The other context is the maintenance of the machines themselves, usually carried out by third-party contractors. Even when it is clear to the designers and researchers that the ticket machines are a problem, the company supplying and maintaining those machines usually resists changes, citing IT support issues. On one project I know of, the only things the design team was allowed to change were the graphics; they were not even allowed to touch the layout of the buttons, despite research evidence showing that this was a source of confusion for customers.
Something as small as a change in an organization’s policy, third-party partner agreement, or even a single UI element can have large ripple effects that always relate back to real people with real emotions.
Think of service interactions in terms similar to any other relationship. An individual’s lack of basic personal hygiene or punctuality is not a big deal in the grand scheme of things, but it does reveal how much that person cares about the people he interacts with.
The same goes for services. All the small glitches—delivering letters to the wrong address, billing errors, customers having to repeat details multiple times—damage people’s trust in a company. They make people wonder whether similar chaos is going on behind the scenes. If the airline’s web systems don’t work, how well does it maintain its aircraft? Fixing the small glitches can have a big impact on the level of trust and the overall experience.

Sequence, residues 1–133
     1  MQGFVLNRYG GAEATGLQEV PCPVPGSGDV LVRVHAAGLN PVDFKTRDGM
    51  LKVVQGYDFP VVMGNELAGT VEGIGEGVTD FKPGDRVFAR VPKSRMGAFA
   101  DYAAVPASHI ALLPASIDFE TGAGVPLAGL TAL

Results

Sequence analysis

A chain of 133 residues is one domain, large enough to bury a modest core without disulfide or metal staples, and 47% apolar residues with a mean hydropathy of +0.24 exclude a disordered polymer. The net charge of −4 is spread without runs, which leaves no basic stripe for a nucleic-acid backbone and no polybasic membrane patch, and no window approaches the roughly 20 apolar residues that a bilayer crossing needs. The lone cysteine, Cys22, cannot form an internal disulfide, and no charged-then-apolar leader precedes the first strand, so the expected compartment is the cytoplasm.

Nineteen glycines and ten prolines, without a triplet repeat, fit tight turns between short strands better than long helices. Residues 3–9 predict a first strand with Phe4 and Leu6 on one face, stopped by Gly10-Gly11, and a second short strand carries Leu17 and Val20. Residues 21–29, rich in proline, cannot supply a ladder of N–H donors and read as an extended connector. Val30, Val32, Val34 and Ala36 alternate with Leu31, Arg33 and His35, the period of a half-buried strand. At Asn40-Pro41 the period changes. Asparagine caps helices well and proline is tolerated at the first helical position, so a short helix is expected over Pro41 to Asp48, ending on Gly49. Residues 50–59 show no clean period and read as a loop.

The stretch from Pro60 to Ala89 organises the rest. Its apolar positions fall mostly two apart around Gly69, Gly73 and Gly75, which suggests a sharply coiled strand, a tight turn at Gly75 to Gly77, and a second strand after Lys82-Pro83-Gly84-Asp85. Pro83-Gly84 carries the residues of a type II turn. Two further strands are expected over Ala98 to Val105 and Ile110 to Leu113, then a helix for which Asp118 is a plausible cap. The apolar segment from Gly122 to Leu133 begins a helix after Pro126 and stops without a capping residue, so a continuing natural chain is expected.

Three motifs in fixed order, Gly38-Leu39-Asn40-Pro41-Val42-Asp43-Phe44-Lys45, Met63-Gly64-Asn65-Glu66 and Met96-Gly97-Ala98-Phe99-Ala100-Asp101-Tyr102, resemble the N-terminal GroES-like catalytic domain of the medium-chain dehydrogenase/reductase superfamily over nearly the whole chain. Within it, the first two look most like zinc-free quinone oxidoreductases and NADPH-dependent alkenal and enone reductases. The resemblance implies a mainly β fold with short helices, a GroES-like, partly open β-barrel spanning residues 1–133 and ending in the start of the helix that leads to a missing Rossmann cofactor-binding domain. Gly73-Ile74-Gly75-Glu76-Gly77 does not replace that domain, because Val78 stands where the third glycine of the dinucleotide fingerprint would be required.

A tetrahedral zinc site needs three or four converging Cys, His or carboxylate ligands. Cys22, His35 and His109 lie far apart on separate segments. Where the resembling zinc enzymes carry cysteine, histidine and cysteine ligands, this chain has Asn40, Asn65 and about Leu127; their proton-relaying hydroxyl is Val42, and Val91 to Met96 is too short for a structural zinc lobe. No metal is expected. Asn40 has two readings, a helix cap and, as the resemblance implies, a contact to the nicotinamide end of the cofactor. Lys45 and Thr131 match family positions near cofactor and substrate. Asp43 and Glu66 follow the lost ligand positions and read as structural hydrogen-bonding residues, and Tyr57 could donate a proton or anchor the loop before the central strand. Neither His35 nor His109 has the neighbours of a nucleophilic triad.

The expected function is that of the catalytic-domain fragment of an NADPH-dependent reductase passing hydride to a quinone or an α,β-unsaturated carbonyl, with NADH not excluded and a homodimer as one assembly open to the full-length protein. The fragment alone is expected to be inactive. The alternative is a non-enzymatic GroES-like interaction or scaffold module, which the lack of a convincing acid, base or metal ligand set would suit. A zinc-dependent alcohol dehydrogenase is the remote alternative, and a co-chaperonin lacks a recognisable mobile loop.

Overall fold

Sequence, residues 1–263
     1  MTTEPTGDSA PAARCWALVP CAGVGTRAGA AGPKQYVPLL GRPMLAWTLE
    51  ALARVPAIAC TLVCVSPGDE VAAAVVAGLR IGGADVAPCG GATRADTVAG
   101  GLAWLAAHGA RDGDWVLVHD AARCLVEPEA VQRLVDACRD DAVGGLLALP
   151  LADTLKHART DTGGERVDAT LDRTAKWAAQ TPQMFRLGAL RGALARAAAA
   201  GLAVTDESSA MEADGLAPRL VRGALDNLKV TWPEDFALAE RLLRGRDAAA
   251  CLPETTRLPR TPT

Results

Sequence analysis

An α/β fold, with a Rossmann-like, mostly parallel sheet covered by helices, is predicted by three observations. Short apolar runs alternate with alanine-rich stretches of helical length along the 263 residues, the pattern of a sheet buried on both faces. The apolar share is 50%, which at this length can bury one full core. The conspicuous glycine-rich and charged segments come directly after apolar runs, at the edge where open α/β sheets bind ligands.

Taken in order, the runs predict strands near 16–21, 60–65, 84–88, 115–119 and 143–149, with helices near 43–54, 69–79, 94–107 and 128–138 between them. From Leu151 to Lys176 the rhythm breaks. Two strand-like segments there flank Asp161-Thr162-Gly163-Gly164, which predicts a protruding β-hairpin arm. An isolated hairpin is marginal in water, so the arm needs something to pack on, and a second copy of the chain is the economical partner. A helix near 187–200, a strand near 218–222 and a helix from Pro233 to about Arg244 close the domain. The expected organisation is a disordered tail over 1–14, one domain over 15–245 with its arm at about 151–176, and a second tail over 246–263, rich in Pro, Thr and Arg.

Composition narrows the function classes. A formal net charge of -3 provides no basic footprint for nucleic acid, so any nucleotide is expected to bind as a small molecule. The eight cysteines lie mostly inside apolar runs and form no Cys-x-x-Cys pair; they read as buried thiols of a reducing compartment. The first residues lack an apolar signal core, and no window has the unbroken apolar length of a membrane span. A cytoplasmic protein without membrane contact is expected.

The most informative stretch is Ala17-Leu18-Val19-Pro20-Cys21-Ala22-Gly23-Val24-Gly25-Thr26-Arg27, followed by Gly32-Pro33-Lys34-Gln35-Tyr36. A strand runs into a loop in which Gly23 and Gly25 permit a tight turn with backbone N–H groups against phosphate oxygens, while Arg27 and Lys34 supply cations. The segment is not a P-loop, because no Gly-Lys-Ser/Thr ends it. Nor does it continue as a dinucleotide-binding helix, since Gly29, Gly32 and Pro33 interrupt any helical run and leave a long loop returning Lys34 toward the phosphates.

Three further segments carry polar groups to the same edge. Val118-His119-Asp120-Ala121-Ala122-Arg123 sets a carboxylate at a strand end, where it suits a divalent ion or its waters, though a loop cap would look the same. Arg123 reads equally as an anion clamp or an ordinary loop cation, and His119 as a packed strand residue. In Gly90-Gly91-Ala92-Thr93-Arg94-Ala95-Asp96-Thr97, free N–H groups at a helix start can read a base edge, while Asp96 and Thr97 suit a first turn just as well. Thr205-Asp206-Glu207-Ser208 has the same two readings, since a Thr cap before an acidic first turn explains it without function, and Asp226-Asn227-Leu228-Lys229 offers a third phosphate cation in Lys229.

Start designing beyond the screen
Experiences are not bound by media channels. Designing for complex services is both an opportunity and a challenge for web and mobile designers.
We say we’re great at empathy for users, but designers are not so good at turning that lens onto their clients. We often see our role as protecting the end user from corporate short-sightedness. Why don’t we also ask, “So, turning around a company with 5,000 employees must be difficult. Would you tell us about it?”
The same methods and attention we use to advocate for users can extend into the structure of the organizations delivering those services and beyond. Think of it as UX for the entire organization.